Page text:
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Glossary of Heat Exchanger Terminology


ASME stands for The American society of Mechanical Engineers. The ASME Boiler and Pressure Vessel Code is comprised of a set of manufacturing standards that are meant to define basic construction types and material thickness while providing safety, reasonable cost and serviceability. ASME Section VIII Div 1 Standards for unfired pressure vessels always govern shell and tube heat exchangers. Materials used in fabrication of these heat exchangers are in accordance with ASME Section II and all welding processes associated with fabrication are in accordance with ASME Section V. Typically these are plates with holes about the size of tube diameters. They provide structural integrity to tube bundle that is at times referred to as stack of tubes. The primary function of baffles is to provide turbulence and proper mixing of shell side fluids. Baffle spacing is the distance between baffles in a tube bundle. As it forces liquid to change direction from one end to the other, the baffle spacing has an effect on fluid velocity, pressure drop and heat transfer rate. This effect is more pronounced when there is liquid media on the shell side. An optimal design uses the available pressure drop in an application by spacing the baffles accordingly to maximize the effective heat transfer rate. A common term used in U-tube heat exchangers. The bundle contains tubes, tie rods, baffles and tubesheet/tubesheets. Also referred to as head or waterbox of the heat exchanger. They contain pass partitions that constrain fluid to flow through defined number of tubes. In straight through designs there are two channel boxes; one defined as front end and the other as return end. A common term used in straight through fixed tubesheet designs. The core assembly contains tubes, tie rods, baffles and tubesheets. The pressure used to determine the thickness of components and serves as criteria for determining the hydrotest pressure. These are also referred to as Triclamps that are used in Sanitary Heat Exchangers where threaded or flanged connections are unacceptable. A tubesheet that is permanently welded to the shell as in the case of nonremovable core assembly. A tubesheet that is not permanently welded to the shell as in the case of a BEP style design. A floating tubesheet design allows for thermal expansion and contraction of the tube bundle independent of the shell. Adjustable saddle supports with strap-around for horizontal heat exchangers. For vertical heat exchangers, mounting supports are welded to a bellyband that is in-turn welded to the exterior of the shell.


Baffle Spacing

Bundle Assembly

Channel Box

Core Assembly

Design Pressure


Fixed Tubesheet

Floating Tubesheet

Foot Supports

Impingement Plate

A plate that is welded inside a shell entrance port in a domed design or welded directly to the tube bundle. Impingement plates help reduce fluid velocity, provide better fluid distribution across the tube bundle and protect tubes from surface erosion. In U-tube heat exchangers it is common to have the shell side inlet off the end of the tube bundle rendering an impingement plate unnecessary. A metal ring on BEP style designs, which are generally installed over the outside of diameter of rear floating tubesheets to hold the seals in place. This carries the ASME U Stamp and valuable information such as design pressure, design temperature and mean design metal temperature. This serves as a sealing device between two components. O-rings are generally used between the tube sheet and channel box, between the tube sheet and shell flange in U-tube construction. O-ring materials are usually EPDM, Viton or in high pressure applications, spiral wound metal. The end of the tube bundle that contains the floating head design and lantern rings in a BEP style design. The rib section inside a channel head that constrains tube side flow through defined number of tubes in a multi-pass heat exchanger. A formed plate which is welded to the shell pipe. In most instances, a flat end plate cover is more economical. A flange design that features a flange ring that slides over and is welded onto a pipe section or nozzle pipe. A piece of tubing that slides over the tie rod between baffle plates to secure the baffle position in a tube bundle. A stud bolt is threaded rod that extends through holes in two mating surfaces and is secured with hex nuts on each end. It stands for Tubular Exchanger Manufacturers Association. TEMA guidelines cover manufacturing, installation, operation and maintenance of shell and tube heat exchangers. Pressure at which hydrostatic testing is carried out on heat exchangers to detect any leaks on shell and tube sides of the heat exchanger. Test pressures are defined by ASME that is generally 1.3 times design pressure plus pressure compensation for ambient water used during hydrostatic test. A small diameter rod that threads into the tubesheet and secures the baffles and spaces together. Defines the size of tube, tube pitch and pattern of tubes within a tube bundle or core assembly. Typically made out of a plate. Tube sheets have holes that correspond with tube layout. Tubes are secured in holes by roller expansion and seal welding. Tube sheets can contain grooves inside tube holes to provide strength to joints. These types are generally used on pulled nozzle ports. In some cases, welding is more efficient by using a backing ring behind two mating beveled edges.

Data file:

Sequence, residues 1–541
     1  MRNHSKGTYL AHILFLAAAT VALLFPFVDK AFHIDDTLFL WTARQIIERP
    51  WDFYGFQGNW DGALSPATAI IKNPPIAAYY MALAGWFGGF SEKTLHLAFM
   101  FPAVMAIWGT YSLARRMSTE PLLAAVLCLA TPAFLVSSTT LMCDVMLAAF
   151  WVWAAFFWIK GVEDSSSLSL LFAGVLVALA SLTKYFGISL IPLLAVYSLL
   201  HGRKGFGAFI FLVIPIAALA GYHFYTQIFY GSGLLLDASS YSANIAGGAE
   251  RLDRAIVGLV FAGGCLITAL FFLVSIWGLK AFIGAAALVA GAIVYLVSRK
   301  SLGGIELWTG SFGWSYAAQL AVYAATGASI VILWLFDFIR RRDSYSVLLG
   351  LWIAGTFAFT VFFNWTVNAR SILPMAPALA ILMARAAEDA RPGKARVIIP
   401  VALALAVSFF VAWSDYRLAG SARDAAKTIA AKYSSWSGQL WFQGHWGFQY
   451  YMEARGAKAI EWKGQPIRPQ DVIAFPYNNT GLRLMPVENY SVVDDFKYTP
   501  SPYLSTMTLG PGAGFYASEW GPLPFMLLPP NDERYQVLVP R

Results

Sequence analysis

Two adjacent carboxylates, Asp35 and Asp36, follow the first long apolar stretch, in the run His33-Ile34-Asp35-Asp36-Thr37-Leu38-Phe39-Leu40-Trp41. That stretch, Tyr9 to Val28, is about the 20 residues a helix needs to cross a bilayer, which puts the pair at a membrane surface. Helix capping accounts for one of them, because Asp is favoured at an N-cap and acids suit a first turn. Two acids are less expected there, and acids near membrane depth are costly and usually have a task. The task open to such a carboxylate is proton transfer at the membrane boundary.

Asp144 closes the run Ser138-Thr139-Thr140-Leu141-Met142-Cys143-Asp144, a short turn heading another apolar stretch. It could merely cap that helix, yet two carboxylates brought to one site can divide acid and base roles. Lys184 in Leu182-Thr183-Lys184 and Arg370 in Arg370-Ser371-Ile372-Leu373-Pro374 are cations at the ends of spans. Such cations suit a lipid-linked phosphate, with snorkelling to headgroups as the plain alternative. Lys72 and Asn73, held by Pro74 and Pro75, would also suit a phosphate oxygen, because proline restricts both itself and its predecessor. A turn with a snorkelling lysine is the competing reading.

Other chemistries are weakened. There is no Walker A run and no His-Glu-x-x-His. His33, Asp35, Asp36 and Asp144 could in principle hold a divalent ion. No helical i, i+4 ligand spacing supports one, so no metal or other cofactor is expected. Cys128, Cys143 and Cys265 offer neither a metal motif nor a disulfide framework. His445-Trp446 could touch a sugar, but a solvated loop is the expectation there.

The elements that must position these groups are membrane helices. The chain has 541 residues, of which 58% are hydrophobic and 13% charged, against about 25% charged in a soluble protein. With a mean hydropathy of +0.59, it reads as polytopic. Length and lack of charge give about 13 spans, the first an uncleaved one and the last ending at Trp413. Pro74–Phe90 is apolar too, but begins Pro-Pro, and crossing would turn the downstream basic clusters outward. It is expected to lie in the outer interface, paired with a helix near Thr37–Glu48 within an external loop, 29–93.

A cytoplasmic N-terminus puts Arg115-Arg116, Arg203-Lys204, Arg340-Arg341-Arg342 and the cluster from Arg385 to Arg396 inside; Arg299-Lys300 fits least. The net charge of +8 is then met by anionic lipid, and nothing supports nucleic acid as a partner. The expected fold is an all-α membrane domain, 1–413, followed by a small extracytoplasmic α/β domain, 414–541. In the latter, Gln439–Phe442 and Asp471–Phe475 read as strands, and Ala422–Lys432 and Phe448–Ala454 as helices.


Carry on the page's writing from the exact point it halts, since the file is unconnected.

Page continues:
Lantern Ring



Packed Head

Pass Partition

Shell Head

Slip On Flange


Stud Bolt


Test Pressure

Tie Rod

Tube Layout


Weld Neck Flange